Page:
Illinois budget debacle

Former Governor Says Lack Of Budget Hurts Illinois

May 18, 2017

An exchange between a former Illinois governor and a current state representative highlighted political divides at last night’s forum on the state budget.  Four Republican state representatives were among about 75 people in attendance at the Illinois Issues budget forum in Champaign.

Rauner, Cullerton Point Blame for Budget Impasse

May 12, 2017

Illinois’ top political leaders continue to blame each other for the nearly two-year-long budget impasse.  Democratic Senate President John Cullerton held a press conference this week after Republicans wouldn’t take a vote to end the budget stalemate.  Cullerton said Governor Bruce Rauner doesn’t understand what it takes to pass a bill.

Even though it has lasted nearly a year and a half, most Illinois voters say they haven’t personally felt the effects of the state budget impasse. That’s according to a poll from the Paul Simon Public Policy Institute, which is based at Southern Illinois University in Carbondale. 

 The United Way of Illinois surveyed social services providers in the state and found that during the budget impasse, about  1 million of their clients have lost services due to lack of funding. 

A week from today,  July 1, marks a shameful anniversary for Illinois.   It will mean the state has gone a full year without a complete budget.  But how long can this go on?     

Tanya Koonce

Illinois’ Comptroller is calling on lawmakers and the Governor to come to some kind of budget agreement in the next ten days. The July first start of the state’s new fiscal year without a budget means the four special spending plans sunset.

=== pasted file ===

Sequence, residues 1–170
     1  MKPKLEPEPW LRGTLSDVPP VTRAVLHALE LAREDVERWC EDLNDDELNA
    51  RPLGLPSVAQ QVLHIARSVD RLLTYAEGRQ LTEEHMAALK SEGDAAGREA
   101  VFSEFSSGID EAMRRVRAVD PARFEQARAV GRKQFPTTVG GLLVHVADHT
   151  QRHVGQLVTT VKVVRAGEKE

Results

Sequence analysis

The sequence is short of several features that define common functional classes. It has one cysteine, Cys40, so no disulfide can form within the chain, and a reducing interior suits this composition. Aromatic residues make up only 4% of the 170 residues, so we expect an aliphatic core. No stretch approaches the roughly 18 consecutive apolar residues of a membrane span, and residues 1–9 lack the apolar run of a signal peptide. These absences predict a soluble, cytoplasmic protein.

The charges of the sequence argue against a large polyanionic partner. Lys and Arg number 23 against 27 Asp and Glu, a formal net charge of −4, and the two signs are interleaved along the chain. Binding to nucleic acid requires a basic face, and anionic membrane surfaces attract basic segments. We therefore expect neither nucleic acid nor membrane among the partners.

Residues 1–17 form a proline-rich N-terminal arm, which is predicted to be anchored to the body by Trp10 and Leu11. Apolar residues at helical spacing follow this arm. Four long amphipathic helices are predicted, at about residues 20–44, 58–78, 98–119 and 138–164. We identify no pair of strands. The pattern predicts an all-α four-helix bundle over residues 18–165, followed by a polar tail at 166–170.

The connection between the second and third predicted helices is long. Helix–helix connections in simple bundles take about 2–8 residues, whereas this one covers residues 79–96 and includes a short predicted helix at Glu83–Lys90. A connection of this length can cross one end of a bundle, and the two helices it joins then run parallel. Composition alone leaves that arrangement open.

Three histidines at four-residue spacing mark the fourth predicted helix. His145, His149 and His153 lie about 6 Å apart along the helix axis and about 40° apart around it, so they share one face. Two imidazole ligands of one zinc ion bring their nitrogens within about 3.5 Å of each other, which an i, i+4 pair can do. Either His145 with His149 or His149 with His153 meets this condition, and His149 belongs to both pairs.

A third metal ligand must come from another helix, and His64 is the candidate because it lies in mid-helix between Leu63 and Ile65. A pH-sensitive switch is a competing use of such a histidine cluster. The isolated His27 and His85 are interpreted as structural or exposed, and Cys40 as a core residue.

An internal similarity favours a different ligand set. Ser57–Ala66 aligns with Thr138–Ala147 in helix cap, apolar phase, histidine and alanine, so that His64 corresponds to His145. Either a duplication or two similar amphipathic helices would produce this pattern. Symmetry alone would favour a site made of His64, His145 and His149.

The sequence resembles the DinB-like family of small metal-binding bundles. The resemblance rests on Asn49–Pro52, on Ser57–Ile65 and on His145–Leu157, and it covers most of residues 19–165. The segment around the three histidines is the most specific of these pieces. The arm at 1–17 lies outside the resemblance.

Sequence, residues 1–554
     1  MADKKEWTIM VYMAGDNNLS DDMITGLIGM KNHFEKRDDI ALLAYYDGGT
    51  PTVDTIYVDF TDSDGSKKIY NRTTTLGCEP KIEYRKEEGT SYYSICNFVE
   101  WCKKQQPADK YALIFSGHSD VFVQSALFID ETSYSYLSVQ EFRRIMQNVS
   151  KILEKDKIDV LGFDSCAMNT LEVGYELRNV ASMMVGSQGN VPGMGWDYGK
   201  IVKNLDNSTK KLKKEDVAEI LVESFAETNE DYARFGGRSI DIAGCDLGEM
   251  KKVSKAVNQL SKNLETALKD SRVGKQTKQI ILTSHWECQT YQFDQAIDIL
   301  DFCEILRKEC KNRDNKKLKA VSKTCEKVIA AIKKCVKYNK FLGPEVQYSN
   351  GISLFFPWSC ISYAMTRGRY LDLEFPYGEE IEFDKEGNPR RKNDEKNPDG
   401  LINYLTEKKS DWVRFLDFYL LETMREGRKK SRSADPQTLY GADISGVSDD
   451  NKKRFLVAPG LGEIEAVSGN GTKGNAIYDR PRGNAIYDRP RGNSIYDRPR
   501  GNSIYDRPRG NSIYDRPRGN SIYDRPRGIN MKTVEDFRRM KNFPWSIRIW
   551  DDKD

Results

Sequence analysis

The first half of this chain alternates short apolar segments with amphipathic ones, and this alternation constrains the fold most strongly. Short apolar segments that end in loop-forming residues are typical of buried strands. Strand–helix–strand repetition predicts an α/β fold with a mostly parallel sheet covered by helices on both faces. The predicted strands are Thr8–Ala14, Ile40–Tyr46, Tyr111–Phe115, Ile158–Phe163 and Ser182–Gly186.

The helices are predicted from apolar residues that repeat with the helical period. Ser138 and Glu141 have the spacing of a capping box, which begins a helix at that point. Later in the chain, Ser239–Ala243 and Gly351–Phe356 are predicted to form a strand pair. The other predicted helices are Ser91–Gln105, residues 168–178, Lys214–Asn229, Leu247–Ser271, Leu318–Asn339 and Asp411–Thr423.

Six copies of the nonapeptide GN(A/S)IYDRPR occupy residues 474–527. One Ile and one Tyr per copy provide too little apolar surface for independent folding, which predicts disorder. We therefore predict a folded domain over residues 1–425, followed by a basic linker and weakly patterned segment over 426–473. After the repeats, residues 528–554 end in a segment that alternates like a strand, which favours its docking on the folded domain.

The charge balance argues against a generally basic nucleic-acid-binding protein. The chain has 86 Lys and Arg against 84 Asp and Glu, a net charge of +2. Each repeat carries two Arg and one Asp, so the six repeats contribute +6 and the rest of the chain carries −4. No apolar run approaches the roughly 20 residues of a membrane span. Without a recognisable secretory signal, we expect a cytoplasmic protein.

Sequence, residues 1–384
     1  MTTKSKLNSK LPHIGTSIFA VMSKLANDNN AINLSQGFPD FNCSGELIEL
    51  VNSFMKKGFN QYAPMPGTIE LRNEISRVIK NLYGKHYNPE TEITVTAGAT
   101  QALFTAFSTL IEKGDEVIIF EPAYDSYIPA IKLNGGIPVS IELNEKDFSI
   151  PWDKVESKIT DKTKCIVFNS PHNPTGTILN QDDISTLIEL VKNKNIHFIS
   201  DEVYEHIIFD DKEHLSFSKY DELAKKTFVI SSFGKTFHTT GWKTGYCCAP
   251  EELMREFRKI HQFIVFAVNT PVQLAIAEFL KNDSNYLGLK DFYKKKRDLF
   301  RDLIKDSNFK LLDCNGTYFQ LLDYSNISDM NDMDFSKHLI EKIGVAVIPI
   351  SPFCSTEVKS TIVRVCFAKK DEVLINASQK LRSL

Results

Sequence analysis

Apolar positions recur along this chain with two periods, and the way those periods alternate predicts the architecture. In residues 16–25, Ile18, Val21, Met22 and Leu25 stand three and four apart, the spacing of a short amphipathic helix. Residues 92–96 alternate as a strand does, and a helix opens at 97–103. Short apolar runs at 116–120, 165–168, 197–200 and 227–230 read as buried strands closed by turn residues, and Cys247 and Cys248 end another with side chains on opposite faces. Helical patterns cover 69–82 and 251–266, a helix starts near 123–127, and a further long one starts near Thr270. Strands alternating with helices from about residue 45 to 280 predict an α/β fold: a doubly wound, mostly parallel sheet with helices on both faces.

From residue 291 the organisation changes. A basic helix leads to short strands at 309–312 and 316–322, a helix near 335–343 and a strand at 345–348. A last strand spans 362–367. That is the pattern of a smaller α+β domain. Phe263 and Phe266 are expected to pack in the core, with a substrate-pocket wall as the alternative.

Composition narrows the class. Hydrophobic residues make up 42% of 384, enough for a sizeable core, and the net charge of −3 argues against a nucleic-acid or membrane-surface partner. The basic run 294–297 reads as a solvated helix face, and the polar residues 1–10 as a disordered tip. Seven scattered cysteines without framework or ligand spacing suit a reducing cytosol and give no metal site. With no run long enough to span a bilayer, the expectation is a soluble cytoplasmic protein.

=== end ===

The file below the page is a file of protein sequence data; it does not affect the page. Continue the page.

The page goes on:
Illinois Lottery officials say they support a short-term budget proposed by Republican Gov. Bruce Rauner because it would pay lottery winners.  The state of Illinois remains without a budget after Rauner and Democratic leaders couldn't come to an agreement. 

Former Gov. Jim Edgar expressed a dim view of stopgap funding measures during an appearance Tuesday on the public radio program The 21st. He also shared his views on whether current Gov. Bruce Rauner and the Democratic supermajorities in the legislature will ever come to terms on the anti-union aspects of the governor’s "Turnaround Agenda."

A $454 million bill to increase funding for financially struggling Illinois colleges and universities has cleared the state Senate.  Lawmakers approved the bill on a near unanimous vote and sent the measure to the House. 

Illinois Democrats approved a $3.9 billion bill to fund colleges and various social service programs while the state operates without a budget.  But their plan is expected to be rejected by Republican Gov. Bruce Rauner.

Illinois’ budget deficit is a billion dollars more than initially predicted.  Comptroller Leslie Munger, who signs checks for the state government, announced today that Illinois will be more than $6 billion dollars in debt by June 30th.  That is, if the state continues its current rate of spending without a budget.

  With Republican Gov. Bruce Rauner and the Democratic legislative leaders unable to agree on a spending plan for Illinois … the odds of a government shutdown are increasing. U-S Senator Dick Durbin says that sort of crisis would be bad for business.

Governor Bruce Rauner is officially moving forward with plans to close a Department of Corrections work camp in Hardin, and the Illinois State Museum in Springfield.

Illinois Comptroller Leslie Munger is preparing for what could happen if there's no state budget in place when the new fiscal year begins next month.   The Republican who controls the state's checkbook says she'll outline the consequences of inaction during a news briefing today (Wednesday). That includes state workers who won't get paychecks and facilities that may have to be closed.  Her office says she'll discuss a timeline of what may come in the coming weeks.   Illinois lawmakers are at an impasse over the state budget.

Rauner dismissive of locals concerns

Mar 17, 2015

 Governor Bruce Rauner's efforts to cut services, curb spending and reign in unions met with stiff opposition at a public meeting in Normal.